Royal Caribbean Group and Norwegian Cruise Line Holdings each expect to be cash-flow positive within six months, and said that high onboard spending is a reason why.
Royal Caribbean Group CFO Jason Liberty said there has been "record onboard revenue for the ships that have resumed service."
"This is very encouraging as we are not only seeing pent-up demand for cruises, but we are also seeing pent-up demand for our onboard revenue experiences. Guests are really enjoying our shore excursions, casinos, spas and restaurants after spending a year in isolation," Liberty said. "We are also seeing an increased demand for our WiFi services as more and more consumers have flexibility to take vacations and work remotely."
NCLH CEO Frank Del Rio said "onboard revenue was through the roof" on the Norwegian Jade's sailings in Europe.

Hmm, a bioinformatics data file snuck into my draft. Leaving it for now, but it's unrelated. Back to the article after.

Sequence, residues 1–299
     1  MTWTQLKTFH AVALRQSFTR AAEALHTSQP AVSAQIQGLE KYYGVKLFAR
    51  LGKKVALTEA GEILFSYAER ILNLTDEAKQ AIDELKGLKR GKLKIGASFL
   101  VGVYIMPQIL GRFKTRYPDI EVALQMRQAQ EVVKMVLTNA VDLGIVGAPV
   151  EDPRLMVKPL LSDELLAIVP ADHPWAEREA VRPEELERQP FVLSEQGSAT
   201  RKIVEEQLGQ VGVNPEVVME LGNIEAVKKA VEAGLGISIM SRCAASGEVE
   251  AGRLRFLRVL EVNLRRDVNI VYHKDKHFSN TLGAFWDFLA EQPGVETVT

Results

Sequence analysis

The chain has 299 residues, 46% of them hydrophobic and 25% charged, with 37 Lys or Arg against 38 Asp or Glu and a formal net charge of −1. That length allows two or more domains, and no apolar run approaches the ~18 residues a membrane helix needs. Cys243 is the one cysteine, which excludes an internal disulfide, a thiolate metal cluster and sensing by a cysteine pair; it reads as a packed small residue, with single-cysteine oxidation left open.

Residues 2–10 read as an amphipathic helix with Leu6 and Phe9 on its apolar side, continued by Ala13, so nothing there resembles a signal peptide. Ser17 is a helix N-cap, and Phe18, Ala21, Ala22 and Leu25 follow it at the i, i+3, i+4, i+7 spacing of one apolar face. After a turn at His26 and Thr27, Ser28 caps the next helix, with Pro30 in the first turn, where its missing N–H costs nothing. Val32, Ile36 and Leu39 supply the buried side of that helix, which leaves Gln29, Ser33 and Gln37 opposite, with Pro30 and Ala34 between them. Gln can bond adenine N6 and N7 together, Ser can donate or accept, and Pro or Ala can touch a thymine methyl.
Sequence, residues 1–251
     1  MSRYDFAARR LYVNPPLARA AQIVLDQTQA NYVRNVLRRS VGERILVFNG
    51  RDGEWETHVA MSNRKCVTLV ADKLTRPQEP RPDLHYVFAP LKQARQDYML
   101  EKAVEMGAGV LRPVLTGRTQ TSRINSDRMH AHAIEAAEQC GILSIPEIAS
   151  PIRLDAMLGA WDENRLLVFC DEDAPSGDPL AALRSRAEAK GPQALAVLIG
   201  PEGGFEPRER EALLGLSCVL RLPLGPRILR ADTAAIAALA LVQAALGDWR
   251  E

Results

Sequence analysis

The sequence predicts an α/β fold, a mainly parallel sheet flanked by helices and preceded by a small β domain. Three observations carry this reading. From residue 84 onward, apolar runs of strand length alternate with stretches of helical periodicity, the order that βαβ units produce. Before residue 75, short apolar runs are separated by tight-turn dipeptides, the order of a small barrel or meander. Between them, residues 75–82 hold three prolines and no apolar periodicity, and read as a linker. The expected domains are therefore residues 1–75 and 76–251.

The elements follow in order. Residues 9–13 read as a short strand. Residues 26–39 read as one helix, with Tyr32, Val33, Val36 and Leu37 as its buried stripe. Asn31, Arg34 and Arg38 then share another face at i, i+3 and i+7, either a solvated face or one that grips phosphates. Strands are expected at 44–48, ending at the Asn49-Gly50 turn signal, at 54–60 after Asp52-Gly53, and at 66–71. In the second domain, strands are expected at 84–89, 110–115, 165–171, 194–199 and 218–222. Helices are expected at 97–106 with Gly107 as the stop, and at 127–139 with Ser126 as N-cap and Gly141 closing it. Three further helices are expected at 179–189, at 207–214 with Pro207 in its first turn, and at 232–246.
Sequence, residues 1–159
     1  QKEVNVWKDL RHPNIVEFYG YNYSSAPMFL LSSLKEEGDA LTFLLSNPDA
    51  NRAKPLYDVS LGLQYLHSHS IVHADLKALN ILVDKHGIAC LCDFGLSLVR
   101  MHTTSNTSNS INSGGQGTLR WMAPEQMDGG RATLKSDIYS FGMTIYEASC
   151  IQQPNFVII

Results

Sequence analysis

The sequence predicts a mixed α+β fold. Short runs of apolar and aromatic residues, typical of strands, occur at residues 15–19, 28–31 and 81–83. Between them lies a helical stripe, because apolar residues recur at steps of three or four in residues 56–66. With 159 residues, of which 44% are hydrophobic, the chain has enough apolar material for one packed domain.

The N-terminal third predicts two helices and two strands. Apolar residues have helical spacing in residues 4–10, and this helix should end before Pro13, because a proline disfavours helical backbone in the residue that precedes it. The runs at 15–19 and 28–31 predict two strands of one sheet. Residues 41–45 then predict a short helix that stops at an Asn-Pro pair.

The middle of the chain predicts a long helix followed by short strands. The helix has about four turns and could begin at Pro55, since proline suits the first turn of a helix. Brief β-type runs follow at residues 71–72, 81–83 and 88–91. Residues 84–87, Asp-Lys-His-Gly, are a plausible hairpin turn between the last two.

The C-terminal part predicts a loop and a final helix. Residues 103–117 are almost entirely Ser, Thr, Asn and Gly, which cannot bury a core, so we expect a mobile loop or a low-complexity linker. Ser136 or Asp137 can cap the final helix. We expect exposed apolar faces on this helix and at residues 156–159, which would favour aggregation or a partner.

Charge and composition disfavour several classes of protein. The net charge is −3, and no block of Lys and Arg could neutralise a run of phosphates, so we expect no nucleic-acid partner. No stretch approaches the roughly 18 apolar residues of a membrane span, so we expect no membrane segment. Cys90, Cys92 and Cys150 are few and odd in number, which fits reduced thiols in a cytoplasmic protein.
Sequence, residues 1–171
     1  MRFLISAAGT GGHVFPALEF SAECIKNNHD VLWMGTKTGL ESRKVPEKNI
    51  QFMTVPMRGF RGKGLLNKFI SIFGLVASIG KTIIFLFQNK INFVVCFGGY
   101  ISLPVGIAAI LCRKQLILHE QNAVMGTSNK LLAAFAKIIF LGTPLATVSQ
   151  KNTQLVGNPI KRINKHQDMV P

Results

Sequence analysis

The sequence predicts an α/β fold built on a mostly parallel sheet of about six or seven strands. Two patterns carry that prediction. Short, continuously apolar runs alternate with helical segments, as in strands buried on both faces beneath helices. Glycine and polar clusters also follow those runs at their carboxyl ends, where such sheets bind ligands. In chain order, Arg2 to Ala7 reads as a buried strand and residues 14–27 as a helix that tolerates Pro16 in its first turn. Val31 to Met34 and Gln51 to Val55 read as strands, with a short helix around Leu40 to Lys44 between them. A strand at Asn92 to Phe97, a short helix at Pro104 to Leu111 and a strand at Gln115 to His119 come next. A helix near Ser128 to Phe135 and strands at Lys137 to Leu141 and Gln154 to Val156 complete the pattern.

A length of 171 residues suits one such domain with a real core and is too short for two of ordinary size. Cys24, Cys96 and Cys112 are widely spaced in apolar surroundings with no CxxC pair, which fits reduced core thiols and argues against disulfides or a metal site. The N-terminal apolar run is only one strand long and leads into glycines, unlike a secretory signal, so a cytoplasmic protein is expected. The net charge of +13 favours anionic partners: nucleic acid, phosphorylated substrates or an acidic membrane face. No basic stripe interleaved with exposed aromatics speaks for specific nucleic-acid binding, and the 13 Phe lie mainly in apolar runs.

"Our onboard revenue significantly exceeded our target, which was focused on 2019 actual results, by over 50%," he said.
NCLH CFO Mark Kempa said the the Norwegian Jade cruises, even at 60% occupancy, were profitable.
"Those vessels which are operating are cash-flow positive out of the gate. And that's very, very important. And we've seen that with our first two initial voyages that have just been completed by Norwegian Jade. And we expect that to be the case for the coming voyages as well for the rest of the fleet," he said.
With NCLH expecting about 75% to 80% of its ships to be back in service by year's end, Kempa anticipates the company will be profitable in early 2022.
"With anything, there is always a little bit of risk out there, but based on our measured plan, we think we have a solid game plan of returning to cash-flow-positive operations. Kempa said.
Liberty also said that after each ship sails a few cruises, the company steadily increases onboard capacity from one month to the next, and that several ships are now sailing with more than 50% load factors.
"We see ourselves being cash-flow positive in about six months," he said.